The mood at the strip club in Kearny Mesa quickly turned intense Thursday night when 10 officers swarmed the building with guns and bulletproof vests, interrupting business for a couple of hours.
“I didn’t know if it was a bank robbery or serial killer on the loose the way they had come in like that,” said manager Rich Buonantony.
So why the show of force? Was there a violent fugitive inside? A drug kingpin? Was the club suspected of some sort of criminal conspiracy?
No. None of that.
The detectives showed up to make sure all 30 dancers had proper permits and were in compliance. Surveillance video shows the women lined up and officers taking down their information.
“They asked us for our licenses and then took down our Social Security and had us line up in the back of the dressing rooms and take pictures,” said stripper Katelynn Delorie.
Delorie is a hairdresser by day and a stripper at night. She has a lot of tattoos and says that made things even worse.
“They made me feel like I was a gang member pretty much and they wanted to document every single one of my tattoos.”
So this was a regulatory operation. But instead of sending a few bureaucrats to do the paperwork, the city of San Diego thought it appropriate to send a team of gun-toting cops to raid the place (similar to recent masked, militarized SWAT raids on massage parlors). Remember, according to the report, there was no suspicion of criminal activity here. This was a routine inspection. Which raises the question: Are all routine, regulatory inspections of San Diego businesses done with raid teams? Is it just strip clubs? Are strippers known for being dangerous? And if the photos were necessary for record-keeping purposes, why was it necessary to photograph the women while they weren’t wearing clothing?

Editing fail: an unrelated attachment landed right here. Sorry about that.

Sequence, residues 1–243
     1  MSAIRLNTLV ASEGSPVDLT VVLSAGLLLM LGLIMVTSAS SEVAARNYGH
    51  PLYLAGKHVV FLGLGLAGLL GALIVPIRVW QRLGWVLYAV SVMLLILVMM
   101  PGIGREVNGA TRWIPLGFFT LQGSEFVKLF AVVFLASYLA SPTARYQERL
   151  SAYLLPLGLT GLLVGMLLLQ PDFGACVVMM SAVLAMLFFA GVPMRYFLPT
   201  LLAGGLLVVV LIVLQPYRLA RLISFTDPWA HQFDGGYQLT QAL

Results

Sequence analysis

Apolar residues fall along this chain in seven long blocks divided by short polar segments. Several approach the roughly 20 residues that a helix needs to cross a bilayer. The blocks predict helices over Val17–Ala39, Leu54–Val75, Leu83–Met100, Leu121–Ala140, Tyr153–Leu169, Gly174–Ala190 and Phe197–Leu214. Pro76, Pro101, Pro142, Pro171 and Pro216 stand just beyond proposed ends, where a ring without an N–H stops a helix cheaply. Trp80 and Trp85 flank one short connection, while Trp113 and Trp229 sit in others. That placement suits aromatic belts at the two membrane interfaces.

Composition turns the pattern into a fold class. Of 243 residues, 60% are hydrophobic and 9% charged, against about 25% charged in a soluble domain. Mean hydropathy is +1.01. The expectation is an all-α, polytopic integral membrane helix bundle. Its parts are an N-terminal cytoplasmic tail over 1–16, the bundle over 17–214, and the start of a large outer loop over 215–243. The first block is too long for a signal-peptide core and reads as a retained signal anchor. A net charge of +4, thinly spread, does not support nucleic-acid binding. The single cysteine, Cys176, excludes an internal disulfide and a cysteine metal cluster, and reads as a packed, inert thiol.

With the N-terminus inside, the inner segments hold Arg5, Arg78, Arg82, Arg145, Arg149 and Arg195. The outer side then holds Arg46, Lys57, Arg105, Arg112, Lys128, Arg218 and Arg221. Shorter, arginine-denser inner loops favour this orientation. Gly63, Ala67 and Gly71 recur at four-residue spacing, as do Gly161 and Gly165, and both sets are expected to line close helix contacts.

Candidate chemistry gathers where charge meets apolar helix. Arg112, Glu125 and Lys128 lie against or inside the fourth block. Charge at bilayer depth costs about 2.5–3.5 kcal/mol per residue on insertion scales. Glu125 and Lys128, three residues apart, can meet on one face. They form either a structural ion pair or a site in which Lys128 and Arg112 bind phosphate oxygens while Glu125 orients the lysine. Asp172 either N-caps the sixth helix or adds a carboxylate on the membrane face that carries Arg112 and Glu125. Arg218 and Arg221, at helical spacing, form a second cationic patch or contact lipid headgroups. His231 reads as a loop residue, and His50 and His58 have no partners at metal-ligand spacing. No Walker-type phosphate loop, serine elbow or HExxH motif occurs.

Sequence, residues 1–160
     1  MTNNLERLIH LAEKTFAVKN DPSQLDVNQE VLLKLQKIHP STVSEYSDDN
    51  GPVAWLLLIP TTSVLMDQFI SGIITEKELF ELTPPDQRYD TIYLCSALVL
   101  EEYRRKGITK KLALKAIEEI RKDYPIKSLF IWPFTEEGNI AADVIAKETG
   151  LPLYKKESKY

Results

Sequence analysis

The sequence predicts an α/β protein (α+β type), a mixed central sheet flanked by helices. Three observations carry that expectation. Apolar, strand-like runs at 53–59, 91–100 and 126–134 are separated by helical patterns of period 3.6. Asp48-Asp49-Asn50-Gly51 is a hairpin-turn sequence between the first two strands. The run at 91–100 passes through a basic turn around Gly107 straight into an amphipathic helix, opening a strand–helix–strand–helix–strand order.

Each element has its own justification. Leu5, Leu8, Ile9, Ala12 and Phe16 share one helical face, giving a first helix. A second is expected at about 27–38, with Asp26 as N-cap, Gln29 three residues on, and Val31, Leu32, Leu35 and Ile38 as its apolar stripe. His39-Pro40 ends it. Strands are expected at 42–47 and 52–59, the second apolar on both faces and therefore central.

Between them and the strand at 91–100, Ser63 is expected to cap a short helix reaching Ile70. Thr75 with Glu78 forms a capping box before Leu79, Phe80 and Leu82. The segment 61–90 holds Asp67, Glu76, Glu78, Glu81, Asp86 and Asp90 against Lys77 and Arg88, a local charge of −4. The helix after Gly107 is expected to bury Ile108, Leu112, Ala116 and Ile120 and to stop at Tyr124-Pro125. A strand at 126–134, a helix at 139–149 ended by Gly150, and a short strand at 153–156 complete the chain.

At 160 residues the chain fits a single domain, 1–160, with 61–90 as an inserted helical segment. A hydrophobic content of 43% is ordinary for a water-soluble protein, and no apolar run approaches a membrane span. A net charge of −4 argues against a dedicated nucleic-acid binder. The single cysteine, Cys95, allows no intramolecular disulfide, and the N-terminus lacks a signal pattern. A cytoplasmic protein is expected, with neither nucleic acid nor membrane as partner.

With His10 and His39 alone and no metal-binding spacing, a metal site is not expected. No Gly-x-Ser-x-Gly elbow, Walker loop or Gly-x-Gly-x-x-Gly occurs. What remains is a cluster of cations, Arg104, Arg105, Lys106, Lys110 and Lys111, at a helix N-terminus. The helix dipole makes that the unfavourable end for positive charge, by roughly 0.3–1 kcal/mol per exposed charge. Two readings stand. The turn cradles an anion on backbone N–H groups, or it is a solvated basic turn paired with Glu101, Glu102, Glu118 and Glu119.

It’s also puzzling why the TV station felt obligated to protect the identities of the police officers. If this was truly just a regulatory inspection, the cops wouldn’t be undercover officers. So what’s the point? This seems to be to be a pretty questionable use of that sort of force. The TV station obviously believes there’s at least an argument to be made that it was, or they wouldn’t have aired the story. TV stations air the names and photos of people suspected of crimes all the time. Yet police officers are public servants, who are authorized to carry guns, forcibly detain, and in some cases kill. There’s a strong argument that journalists should make every effort to expose the identities of officers who use force in questionable ways, not go out of their way to obscure them.